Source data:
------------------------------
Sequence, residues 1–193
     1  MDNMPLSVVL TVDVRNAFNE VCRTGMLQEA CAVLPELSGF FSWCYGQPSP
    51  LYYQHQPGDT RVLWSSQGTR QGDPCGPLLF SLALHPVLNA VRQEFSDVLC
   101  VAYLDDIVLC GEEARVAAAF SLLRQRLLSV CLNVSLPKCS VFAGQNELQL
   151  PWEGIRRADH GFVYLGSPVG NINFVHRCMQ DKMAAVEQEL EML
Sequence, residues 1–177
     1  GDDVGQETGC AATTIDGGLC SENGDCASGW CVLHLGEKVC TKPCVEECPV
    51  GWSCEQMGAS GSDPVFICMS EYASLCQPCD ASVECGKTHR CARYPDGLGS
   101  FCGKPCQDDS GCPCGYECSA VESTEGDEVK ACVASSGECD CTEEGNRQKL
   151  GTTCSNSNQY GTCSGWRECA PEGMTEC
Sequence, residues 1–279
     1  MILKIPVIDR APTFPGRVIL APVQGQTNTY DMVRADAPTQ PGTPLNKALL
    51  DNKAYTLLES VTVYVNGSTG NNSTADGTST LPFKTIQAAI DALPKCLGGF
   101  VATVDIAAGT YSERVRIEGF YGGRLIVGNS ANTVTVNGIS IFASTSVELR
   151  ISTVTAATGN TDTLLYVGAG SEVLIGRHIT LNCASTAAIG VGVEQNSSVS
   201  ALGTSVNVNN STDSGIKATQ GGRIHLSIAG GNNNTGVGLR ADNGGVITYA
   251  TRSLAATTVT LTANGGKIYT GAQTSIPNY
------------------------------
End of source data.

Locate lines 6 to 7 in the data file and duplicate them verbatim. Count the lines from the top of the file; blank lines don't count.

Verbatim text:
Sequence, residues 1–177
     1  GDDVGQETGC AATTIDGGLC SENGDCASGW CVLHLGEKVC TKPCVEECPV